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Reforms to strike law: A recap

The Southern Rail strikes throw into sharp relief new strike law under the Trade Union Act 2016

The latest instalment of the industrial unrest at Southern Rail strikes saw members of the Rail, Maritime and Transport Union start a five-day strike, suspended after three days for further talks, over plans for drivers to operate carriage doors instead of conductors.

This action brings into sharp focus the reforms the government made to strike law under the Trade Union Act 2016, but which are not yet in force. Strikes will no longer require just the support of the majority of those who voted in the ballot. Instead half of those entitled to vote will need to support the proposed action. Moreover, where the majority of those to be called out on strike are 'engaged in the provision of important public service' at least 40% of those entitled to vote must have voted in favour.

What will constitute 'important public services' has not yet been defined. But it is likely to apply to areas such as health services, education of those aged under 17, fire services and transport services. In the context of the current industrial action on the railways, those engaged in passenger railway services and conductors are likely to be relevant occupations to which these new rules will apply.

While action that commands strong support from the workforce will not be prevented by the new rules, these new thresholds will potentially make calling strike action more difficult. There have been strikes in the past that would have been prohibited by these new provisions, such as the one organised by the National Union of Teachers in 2014.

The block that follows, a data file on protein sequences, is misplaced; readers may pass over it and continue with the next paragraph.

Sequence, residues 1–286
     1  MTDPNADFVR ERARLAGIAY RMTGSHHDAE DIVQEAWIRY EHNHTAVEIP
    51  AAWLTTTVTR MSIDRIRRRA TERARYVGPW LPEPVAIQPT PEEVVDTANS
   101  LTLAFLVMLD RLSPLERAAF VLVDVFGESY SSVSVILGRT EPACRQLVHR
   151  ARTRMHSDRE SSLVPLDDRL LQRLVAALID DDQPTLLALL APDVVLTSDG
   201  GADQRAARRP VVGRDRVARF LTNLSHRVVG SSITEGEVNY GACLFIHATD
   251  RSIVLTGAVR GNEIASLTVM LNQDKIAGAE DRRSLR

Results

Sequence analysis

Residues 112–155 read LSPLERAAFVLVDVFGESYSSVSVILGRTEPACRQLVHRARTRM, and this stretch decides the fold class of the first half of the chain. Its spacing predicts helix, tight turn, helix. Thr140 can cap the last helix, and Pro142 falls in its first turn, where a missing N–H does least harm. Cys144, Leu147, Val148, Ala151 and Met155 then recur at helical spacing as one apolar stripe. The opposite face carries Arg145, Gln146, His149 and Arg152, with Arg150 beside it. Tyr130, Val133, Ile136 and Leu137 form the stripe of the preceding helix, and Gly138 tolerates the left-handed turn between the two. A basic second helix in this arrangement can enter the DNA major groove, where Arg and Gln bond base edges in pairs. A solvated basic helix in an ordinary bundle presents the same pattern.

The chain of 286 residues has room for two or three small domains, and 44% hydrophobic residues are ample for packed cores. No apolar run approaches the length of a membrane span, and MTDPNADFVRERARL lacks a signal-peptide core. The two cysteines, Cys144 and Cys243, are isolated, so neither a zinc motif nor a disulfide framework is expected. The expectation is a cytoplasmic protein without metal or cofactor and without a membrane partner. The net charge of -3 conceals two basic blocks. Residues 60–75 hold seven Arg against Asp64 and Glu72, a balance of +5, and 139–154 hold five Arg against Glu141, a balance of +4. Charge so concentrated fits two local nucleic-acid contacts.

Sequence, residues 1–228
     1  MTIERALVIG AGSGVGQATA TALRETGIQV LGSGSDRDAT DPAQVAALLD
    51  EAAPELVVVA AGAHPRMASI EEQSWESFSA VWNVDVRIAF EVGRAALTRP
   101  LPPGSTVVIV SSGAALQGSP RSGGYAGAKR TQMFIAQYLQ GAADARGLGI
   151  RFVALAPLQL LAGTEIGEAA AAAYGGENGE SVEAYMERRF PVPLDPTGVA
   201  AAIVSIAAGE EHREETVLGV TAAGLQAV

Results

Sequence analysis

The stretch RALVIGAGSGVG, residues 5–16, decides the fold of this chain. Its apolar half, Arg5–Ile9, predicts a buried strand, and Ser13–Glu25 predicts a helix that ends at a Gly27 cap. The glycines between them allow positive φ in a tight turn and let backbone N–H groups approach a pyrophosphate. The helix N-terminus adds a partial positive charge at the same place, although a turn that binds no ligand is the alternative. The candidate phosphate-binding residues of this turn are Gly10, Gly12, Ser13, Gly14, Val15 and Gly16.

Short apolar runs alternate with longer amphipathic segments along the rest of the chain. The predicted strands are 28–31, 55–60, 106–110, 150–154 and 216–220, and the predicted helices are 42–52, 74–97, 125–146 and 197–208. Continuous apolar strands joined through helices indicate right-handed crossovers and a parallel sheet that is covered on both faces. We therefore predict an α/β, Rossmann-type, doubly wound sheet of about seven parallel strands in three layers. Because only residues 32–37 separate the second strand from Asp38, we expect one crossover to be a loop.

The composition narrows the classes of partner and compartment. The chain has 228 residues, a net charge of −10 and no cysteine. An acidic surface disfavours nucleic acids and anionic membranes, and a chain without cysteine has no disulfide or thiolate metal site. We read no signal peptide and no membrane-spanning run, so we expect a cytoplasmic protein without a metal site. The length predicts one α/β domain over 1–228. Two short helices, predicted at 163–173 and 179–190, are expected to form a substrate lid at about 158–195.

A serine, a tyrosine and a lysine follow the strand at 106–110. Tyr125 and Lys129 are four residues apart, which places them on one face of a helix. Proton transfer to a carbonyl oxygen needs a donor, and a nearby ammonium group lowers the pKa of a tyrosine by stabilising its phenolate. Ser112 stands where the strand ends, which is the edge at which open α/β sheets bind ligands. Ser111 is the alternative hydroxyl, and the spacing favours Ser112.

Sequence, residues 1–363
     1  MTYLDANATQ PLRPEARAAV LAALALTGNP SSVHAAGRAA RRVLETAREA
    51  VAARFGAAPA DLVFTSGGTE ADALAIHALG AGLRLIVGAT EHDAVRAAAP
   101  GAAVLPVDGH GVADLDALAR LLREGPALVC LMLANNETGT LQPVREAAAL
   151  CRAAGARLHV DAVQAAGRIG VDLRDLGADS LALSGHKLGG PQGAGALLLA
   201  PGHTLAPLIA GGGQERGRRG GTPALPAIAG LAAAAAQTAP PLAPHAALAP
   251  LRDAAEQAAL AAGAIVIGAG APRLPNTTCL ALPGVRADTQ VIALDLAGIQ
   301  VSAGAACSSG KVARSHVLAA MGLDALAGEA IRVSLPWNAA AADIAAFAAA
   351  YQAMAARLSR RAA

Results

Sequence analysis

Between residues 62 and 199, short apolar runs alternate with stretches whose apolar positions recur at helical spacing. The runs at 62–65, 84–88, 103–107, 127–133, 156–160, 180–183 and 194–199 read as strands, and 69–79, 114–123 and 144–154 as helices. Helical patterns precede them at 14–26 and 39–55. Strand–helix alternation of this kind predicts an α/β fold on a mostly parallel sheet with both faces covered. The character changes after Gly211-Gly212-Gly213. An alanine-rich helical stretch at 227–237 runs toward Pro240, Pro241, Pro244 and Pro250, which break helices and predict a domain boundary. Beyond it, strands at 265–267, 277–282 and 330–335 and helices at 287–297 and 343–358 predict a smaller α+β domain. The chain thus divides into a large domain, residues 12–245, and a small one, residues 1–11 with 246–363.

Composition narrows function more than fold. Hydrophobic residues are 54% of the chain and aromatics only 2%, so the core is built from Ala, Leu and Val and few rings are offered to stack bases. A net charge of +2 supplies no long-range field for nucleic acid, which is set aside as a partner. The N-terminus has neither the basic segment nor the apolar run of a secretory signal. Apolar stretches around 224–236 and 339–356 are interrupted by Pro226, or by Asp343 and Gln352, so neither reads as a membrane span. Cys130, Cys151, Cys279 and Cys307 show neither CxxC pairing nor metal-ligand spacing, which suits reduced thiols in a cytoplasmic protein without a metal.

The Act will also make further changes. Ballot papers will need to include more than just a question as to whether the member is prepared to take part in a strike, or action short of a strike. They will need to summarise the matter in dispute, what type of industrial action is being contemplated, and the period within which the industrial action is intended to take place. Furthermore, unions will have to provide employers with at least 14, rather than seven, days’ notice of the planned industrial action.

A mandate for industrial action will expire six months after the date of the ballot, or can be extended up to nine months if agreed by the employer and the union. Thereafter unions will be required to hold another ballot in order to take further industrial action, rather than being able to solely rely on the original decision indefinitely.

Unions will also need to appoint a supervisor to oversee picketing activities. They must tell the police the name and contact details of the supervisor and the location of the picket line before providing the supervisor with a letter stating that the action is approved by the union. The supervisor must be readily contactable, wear something identifiable. and be present at the picket line at all times.

It remains to be seen whether these new rules will deter unions from trying to call industrial action and whether it will weaken their position, particularly in the public sector. If official industrial action becomes more difficult for unions to arrange lawfully there are concerns that unofficial and sporadic action will become more widespread. This would add to the disruption employers face in the course of an industrial dispute, potentially creating more legal issues and litigation.

Charles Wynn-Evans is partner at Dechert